The New Belly Dancer Of The Galaxy
REVIEW by Willard Manus
In her first novel, THE NEW BELLY DANCER OF THE GALAXY, Frances Khirallah Noble continues the investigation of Arab-American life she launched with her 2005 book of short fiction, The Situe Stories. This time around she goes on a deeper, more imaginative journey, using myth, magical realism and the quest for identity as narrative stepping-stones. The result is a novel of uncommon freshness and originality.
Kahlil Gibran Hourani, a 53-year-old optician of Syrian descent, is the flawed hero of THE NEW BELLY DANCER, a man
approaching despair. "He felt like a man with the weight of the world on his shoulders. He became out of sorts, moody. He kept to himself. He could barely tolerate being in his own store," is how the author introduces him. "You're healthy in body, not spirit," his wife Sophie points out, ruefully.
Kali, as the Americans call him, is so tortured by life, so obsessed with cosmic problems, that he finally runs away from his conventional middleclass existence, first in pursuit of a beautiful young girl (the wanna-be bellydancer of the book's title), then to elude the Las Vegas law-enforcement officers who mistake him for a Muslim terrorist. When they finally catch up with him, Kali is tossed into a Guantanamo-like cell, interrogated and tortured mercilessly.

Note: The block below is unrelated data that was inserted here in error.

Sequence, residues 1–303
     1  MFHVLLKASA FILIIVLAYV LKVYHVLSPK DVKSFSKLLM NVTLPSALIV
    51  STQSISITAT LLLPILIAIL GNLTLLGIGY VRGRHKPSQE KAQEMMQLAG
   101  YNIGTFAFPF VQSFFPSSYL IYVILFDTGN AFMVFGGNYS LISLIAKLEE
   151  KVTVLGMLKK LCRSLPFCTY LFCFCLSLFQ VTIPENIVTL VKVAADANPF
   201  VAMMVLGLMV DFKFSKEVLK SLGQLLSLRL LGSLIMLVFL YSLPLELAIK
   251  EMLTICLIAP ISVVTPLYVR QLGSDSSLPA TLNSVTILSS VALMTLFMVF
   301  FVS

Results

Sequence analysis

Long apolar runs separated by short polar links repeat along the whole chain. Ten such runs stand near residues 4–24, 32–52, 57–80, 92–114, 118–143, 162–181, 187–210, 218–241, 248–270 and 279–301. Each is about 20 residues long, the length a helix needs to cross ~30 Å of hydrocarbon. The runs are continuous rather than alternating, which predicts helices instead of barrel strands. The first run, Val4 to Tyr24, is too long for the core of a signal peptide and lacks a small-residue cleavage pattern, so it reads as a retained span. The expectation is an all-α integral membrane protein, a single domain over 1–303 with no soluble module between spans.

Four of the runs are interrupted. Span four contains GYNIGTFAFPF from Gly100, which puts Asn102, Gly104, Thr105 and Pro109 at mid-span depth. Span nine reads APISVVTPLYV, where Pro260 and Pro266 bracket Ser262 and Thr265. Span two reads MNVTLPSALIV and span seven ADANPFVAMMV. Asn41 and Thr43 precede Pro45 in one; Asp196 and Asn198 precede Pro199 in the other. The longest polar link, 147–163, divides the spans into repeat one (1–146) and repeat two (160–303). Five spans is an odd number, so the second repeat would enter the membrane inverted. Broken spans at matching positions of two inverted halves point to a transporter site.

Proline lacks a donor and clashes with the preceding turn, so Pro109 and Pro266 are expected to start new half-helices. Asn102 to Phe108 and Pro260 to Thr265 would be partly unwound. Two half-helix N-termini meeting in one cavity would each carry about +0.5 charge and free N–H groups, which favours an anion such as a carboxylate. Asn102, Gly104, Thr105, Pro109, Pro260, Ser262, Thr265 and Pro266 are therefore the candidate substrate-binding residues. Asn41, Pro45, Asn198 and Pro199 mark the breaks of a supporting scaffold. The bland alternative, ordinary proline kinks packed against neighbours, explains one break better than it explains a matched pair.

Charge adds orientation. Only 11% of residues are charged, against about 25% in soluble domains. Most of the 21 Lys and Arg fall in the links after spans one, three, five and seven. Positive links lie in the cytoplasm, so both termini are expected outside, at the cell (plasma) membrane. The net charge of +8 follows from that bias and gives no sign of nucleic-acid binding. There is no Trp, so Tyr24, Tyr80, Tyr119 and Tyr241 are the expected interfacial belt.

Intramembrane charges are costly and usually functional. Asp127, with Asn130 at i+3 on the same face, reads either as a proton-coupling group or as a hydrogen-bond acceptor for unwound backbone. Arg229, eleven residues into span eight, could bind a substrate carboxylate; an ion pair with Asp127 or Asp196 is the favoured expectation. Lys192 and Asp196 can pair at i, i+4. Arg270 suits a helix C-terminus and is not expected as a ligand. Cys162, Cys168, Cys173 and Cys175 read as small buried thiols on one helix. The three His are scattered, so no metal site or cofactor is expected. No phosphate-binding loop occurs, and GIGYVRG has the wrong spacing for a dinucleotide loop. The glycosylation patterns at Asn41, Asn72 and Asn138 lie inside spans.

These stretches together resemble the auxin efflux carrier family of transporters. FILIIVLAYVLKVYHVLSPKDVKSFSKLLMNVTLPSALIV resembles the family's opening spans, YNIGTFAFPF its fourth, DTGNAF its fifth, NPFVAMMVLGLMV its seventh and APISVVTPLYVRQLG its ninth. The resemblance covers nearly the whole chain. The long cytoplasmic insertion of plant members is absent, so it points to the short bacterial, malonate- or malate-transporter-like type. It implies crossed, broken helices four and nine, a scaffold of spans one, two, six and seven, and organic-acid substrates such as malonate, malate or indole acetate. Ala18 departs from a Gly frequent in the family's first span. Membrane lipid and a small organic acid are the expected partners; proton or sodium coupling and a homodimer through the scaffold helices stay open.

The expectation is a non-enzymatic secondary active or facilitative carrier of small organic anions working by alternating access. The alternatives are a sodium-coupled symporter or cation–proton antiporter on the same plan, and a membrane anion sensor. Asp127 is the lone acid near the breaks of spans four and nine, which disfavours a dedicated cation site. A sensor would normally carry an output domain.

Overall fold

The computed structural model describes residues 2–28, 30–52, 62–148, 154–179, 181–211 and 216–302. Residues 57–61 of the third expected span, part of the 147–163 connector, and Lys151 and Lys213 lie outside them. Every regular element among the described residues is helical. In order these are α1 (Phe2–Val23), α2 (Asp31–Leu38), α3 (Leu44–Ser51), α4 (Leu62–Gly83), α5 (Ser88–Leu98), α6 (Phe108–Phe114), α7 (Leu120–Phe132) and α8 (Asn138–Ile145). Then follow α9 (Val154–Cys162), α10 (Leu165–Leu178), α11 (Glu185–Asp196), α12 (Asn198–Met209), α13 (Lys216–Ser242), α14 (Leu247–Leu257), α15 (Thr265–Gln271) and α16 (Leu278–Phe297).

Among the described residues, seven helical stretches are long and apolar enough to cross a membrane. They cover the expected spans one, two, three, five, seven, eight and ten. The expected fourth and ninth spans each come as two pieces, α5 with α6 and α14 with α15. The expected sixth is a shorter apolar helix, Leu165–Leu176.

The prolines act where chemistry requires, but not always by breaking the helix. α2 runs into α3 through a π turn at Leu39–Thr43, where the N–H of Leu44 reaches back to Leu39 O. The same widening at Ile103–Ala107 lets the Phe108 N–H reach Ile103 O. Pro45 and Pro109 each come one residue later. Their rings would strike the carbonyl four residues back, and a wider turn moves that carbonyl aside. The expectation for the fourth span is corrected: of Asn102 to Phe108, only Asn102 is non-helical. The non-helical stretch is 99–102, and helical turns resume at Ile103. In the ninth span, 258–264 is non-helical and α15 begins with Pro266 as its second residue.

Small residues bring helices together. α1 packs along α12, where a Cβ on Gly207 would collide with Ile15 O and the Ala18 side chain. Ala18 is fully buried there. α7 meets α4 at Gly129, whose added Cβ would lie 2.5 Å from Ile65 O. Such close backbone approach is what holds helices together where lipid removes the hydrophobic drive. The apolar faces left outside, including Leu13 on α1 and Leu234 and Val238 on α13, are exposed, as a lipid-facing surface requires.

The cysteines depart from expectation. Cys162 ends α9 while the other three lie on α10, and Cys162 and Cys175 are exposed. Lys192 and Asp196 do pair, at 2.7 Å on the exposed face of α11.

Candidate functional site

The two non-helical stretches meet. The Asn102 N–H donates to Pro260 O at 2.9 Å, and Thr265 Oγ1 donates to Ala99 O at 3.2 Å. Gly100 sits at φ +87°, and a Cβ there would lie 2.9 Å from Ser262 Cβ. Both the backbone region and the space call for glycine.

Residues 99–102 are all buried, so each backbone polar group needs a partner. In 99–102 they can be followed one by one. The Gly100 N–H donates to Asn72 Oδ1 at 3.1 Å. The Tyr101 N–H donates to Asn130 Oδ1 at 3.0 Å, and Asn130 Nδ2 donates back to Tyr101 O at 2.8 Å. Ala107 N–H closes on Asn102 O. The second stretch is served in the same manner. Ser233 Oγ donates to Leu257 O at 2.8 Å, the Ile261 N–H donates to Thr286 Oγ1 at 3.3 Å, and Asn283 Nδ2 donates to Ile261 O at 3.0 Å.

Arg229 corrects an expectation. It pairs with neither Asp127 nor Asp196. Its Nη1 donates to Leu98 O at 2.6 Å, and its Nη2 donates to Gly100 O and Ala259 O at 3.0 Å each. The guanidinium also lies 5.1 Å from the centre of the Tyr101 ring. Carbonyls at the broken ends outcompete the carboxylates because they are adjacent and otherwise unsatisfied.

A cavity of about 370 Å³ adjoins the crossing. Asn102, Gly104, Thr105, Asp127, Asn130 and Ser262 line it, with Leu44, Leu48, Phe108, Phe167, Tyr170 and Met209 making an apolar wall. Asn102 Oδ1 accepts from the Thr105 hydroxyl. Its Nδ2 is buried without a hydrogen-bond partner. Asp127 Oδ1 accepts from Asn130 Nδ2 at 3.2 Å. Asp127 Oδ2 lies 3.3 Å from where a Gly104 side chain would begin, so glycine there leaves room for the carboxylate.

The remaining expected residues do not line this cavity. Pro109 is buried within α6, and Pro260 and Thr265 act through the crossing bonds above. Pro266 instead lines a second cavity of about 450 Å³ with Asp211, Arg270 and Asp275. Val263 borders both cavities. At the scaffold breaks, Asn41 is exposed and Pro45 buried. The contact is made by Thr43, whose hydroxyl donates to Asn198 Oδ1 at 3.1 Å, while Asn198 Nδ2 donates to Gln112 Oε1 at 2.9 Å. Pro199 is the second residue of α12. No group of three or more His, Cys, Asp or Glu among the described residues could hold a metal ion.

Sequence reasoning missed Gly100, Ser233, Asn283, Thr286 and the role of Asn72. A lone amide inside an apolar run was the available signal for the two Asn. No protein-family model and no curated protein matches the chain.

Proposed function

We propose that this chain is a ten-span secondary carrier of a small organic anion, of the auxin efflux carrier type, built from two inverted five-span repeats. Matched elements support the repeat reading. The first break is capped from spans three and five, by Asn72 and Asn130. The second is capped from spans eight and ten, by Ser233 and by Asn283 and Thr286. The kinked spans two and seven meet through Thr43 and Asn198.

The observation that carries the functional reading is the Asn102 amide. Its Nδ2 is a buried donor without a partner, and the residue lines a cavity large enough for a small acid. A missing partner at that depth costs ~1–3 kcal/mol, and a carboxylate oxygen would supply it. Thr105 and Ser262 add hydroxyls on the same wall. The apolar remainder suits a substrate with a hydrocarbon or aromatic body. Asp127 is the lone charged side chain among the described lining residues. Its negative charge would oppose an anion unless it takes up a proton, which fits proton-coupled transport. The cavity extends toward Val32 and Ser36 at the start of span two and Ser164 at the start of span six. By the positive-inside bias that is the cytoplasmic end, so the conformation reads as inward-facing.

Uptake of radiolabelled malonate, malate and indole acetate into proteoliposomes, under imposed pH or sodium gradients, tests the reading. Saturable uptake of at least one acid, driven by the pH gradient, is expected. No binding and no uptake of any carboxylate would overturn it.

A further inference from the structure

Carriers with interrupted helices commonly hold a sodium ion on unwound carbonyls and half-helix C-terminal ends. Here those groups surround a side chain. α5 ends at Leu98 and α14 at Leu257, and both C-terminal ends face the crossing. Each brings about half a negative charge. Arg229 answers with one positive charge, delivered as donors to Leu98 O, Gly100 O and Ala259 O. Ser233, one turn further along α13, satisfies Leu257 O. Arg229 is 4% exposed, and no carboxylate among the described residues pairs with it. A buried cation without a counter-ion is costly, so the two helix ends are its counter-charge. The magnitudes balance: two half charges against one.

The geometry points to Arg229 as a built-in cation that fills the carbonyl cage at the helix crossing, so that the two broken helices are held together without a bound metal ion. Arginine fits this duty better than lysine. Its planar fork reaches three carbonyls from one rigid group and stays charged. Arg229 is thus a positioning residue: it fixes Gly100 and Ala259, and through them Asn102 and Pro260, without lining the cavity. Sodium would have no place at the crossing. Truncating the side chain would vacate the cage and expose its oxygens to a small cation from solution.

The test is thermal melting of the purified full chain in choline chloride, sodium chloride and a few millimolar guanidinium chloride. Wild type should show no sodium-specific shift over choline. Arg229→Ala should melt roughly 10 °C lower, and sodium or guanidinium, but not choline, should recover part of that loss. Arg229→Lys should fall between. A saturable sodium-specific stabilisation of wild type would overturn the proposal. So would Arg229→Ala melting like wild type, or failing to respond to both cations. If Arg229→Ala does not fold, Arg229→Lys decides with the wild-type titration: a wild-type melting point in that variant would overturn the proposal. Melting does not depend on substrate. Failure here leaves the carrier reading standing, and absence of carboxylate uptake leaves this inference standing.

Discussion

Kali manages to escape into the desert where, in picaresque fashion, he meets some raffish and offbeat characters--con men, a transexual truck driver, a one-armed Vietnam vet trying to live off the land. During it all, Kali keeps asking himself the big questions about life, his place in the world, the evil he keeps encountering. Keeping him reasonably sane is the imagined presence of his dead grandmother, Situe, who counsels and calms him as best she can, all the while chain-smoking Oriental cigarettes and dispensing cryptic advice. Situe hopes Kali will finally comprehend the lessons she's trying to teach him: "that the only thing certain is change itself; that tradition counts for everything; tradition counts for nothing; that individual courage and prowess matter; that community matters."
Like Christ, who also wandered in the desert in search of enlightenment and solace, Kali finally manages to reintegrate himself with life and make peace with its "possibilities and sorrows." The infinite love that Situe has offered him is the key to Kali's acceptance of his splintered self. It also helps that she is quick to remind him that "it's a cruel world, Kali. Enjoy."
(Published by Syracuse University Press as part of its Arab American Writing Series).